Lavelle, Chaplin, Hembree, Craig, Schott, Byrd, Ludwig
Robert R. Lavelle, 94
Lavelle founded the Hill District’s Dwelling House Savings & Loan, which helped thousands of people get loans and own their own homes. A devout Christian, the dignified rock of the Hill District viewed his financial work as his mission, advising and helping customers when they were late on payments. In 1957, Lavelle took over the bank, chartered in 1890, and paid himself a small salary, reaching $15,000 a year. Dwelling House closed last year.
Basil Schott, 70
The metropolitan archbishop of the Byzantine Catholic Church in Pittsburgh led the only self-governing Eastern Church in the country and worked to bring about more unity among Eastern Catholic bishops in this country. He also spent a great deal of time helping those in need, whether in the community or in the hospital, and was, above all, known as a warm, compassionate person.
Carol Chaplin, 72
She was a pioneer in involving Pittsburgh women in the world of investing. Known professionally as Carol Mullaugh, she co-founded the financial firm Chaplin-Mullaugh in 1982. She was the first woman to chair the Securities Industry Institute and taught finance at Point Park and Carlow universities. Chaplin was also a dedicated volunteer, serving on many boards, including chairing the board of the Mendelssohn Choir of Pittsburgh.
Robert C. Byrd, 92
His mother died when he was an infant, and Byrd was raised and renamed by his aunt and uncle in a home with no running water or electricity in West Virginia’s coalfields. Briefly a member of the Ku Klux Klan, Byrd renounced that affiliation. From that beginning, he rose to become the longest serving member in the history of both the U.S Congress and the U.S. Senate. Dedicated to the Constitution, he was a fiery, independent voice in the Senate, for instance, leading opposition to the Iraq war. Byrd never lost an election; he served three terms in the House of Representatives and was in his ninth term in the Senate. He held a record number of Democratic leadership posts, including Majority Leader and chairman of the Senate Appropriations Committee. Byrd was West Virginia’s greatest champion, bringing more than $3 billion in federal projects to his home state. An avid reader and prolific author, Byrd was married for 69 years to his high school sweetheart.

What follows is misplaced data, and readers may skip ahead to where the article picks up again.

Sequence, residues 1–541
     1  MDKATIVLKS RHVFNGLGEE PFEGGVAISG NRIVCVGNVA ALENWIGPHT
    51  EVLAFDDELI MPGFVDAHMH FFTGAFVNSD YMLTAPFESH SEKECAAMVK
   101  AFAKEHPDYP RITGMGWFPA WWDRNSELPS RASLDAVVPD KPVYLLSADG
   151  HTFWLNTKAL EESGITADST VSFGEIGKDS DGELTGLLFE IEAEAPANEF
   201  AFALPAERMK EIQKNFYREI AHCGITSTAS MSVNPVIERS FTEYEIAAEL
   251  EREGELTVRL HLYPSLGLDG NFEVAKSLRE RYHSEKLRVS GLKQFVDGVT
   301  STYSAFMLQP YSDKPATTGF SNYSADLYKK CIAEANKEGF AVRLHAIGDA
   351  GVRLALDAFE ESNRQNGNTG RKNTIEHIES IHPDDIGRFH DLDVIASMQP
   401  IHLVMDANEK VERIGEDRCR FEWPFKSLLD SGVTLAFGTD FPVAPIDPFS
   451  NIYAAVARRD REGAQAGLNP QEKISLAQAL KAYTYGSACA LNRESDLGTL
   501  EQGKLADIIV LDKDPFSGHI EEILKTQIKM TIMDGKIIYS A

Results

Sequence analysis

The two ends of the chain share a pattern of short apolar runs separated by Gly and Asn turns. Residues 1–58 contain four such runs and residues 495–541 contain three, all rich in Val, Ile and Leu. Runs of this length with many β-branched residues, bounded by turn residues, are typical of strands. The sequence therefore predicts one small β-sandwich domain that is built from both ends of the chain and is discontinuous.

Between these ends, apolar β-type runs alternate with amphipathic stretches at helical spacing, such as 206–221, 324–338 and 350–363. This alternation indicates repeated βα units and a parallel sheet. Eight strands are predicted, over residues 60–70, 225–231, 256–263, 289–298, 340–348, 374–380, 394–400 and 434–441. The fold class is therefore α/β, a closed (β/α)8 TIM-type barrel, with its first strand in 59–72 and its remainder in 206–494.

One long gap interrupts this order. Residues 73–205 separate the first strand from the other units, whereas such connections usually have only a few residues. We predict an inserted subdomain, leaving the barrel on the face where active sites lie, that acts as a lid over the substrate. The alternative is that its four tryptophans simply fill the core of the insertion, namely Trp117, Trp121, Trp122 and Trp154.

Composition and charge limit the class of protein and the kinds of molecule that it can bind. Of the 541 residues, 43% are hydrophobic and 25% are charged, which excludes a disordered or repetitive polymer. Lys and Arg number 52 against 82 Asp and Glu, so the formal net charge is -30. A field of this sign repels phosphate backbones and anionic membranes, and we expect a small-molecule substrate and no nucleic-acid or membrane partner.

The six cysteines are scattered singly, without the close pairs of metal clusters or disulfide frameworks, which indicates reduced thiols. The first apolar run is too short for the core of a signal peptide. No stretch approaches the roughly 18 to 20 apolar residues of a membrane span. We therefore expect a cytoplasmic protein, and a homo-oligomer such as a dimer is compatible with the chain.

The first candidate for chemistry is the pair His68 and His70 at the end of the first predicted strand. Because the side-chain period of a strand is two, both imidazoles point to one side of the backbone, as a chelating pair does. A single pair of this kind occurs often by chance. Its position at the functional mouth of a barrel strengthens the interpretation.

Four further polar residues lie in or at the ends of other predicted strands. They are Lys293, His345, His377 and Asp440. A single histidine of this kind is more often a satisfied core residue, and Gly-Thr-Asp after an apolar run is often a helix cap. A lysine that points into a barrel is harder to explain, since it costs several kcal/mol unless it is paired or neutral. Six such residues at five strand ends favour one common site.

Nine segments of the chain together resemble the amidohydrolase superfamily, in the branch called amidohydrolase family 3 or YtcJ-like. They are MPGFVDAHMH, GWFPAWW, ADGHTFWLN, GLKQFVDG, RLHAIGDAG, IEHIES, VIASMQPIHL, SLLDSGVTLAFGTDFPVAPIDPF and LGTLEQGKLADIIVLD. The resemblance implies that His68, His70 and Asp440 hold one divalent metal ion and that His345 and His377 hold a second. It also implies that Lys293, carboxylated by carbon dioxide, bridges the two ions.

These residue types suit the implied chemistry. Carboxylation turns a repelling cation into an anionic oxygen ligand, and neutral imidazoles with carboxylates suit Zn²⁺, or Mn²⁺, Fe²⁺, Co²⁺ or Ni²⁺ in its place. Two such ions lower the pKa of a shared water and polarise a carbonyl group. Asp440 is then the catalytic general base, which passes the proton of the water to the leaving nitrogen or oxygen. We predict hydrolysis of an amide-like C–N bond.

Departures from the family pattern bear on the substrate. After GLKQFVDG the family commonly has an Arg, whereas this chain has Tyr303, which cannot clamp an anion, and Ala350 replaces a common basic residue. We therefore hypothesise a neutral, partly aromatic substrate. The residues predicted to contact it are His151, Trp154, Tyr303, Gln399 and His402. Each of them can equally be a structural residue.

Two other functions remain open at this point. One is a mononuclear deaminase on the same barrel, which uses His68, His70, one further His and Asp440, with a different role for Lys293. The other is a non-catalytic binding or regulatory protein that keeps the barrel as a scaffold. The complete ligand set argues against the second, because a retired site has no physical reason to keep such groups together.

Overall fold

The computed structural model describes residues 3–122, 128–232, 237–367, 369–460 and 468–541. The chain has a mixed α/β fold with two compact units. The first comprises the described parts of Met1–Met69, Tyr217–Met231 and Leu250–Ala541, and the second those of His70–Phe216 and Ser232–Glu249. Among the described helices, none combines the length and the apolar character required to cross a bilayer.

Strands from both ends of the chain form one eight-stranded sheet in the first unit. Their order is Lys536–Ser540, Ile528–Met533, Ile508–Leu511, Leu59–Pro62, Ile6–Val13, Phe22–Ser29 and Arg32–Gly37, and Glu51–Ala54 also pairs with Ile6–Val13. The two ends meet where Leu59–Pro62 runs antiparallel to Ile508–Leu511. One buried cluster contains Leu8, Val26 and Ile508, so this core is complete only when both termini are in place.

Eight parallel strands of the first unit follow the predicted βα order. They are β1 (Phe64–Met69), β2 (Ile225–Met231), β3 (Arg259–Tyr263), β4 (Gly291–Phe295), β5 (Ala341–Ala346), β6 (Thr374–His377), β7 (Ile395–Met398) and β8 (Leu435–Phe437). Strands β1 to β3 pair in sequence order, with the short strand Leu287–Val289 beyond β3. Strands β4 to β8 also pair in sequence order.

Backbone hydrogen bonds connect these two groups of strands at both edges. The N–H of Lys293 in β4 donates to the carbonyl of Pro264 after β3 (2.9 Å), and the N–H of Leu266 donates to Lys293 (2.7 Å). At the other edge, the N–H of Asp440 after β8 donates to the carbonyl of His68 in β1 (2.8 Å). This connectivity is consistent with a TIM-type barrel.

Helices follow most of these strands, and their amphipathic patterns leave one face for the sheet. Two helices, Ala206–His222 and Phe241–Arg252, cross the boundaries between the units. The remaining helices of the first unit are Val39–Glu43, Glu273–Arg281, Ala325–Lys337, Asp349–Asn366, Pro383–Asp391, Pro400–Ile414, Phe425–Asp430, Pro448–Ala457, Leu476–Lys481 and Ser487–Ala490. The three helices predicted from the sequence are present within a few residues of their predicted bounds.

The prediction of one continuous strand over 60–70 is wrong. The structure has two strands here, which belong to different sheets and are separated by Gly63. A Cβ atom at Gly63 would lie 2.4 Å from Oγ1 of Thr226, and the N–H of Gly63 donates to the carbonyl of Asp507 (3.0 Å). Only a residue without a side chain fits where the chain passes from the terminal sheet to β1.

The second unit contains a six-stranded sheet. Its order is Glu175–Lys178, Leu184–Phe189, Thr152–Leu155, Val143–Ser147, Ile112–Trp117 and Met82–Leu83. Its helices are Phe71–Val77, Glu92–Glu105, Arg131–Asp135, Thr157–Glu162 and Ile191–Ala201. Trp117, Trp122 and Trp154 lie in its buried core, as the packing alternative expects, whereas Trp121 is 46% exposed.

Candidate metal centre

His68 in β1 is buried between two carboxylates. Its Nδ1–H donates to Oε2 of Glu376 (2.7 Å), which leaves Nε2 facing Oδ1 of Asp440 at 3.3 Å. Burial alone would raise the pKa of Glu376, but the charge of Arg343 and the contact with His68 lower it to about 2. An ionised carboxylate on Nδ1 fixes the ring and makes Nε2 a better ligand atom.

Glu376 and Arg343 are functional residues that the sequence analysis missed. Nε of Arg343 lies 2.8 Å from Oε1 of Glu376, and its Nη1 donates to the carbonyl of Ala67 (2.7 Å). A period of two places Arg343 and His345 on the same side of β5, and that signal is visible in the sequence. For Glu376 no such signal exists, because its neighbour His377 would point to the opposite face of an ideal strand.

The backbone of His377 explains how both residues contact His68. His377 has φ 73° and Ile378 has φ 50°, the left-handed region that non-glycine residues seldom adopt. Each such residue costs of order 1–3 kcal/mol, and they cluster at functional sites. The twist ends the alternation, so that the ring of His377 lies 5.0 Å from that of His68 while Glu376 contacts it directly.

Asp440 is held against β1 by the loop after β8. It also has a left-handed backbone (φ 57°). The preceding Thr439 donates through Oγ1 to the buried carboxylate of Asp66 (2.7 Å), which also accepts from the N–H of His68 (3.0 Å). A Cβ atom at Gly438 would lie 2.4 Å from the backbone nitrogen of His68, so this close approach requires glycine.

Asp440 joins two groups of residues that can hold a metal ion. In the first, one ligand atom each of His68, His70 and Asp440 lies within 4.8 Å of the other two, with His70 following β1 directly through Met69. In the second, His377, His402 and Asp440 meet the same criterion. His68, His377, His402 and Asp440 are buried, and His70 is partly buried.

Charles “Ron” Hembree, 72
Reverend Hembree was an evangelist who became president of Cornerstone TeleVision. One of its shows “His Place,” featured Hembree as a pastor who had opened a diner after divorce ended his time in the pulpit. His show, “Quick Study” remains on the air as a year-long course in Bible study. He grew up the son of a preacher and dedicated his life to spreading God’s word.
Gene Ludwig, 72
A prime figure in Pittsburgh jazz for the past 50 years, Ludwig was internationally recognized as one of the greats on the Hammond B-3 organ. Despite its size—some 400 pounds—Ludwig stuck with the instrument and its singular sound for years, lugging the organ to his jazz and rhythm & blues gigs around the city.
John G. Craig Jr., 77
Craig was perhaps Pittsburgh’s preeminent journalist over the past 30 years, leading the Pittsburgh Post-Gazette from 1977 until 2004 and then founding the Regional Indicators in retirement. An independent and unconventional thinker, he combined a keen intellect with a passion for civic improvement. As editor-in-chief, Craig oversaw the 1992 merger of the PG with The Pittsburgh Press, building the region’s strongest news organization and leading over 200 journalists. His weekly newspaper column focused on making a better Pittsburgh, which was his chief interest. He was a driving force and first co-chair of the Riverlife Task Force, which has led to dramatic improvements along the riverfronts.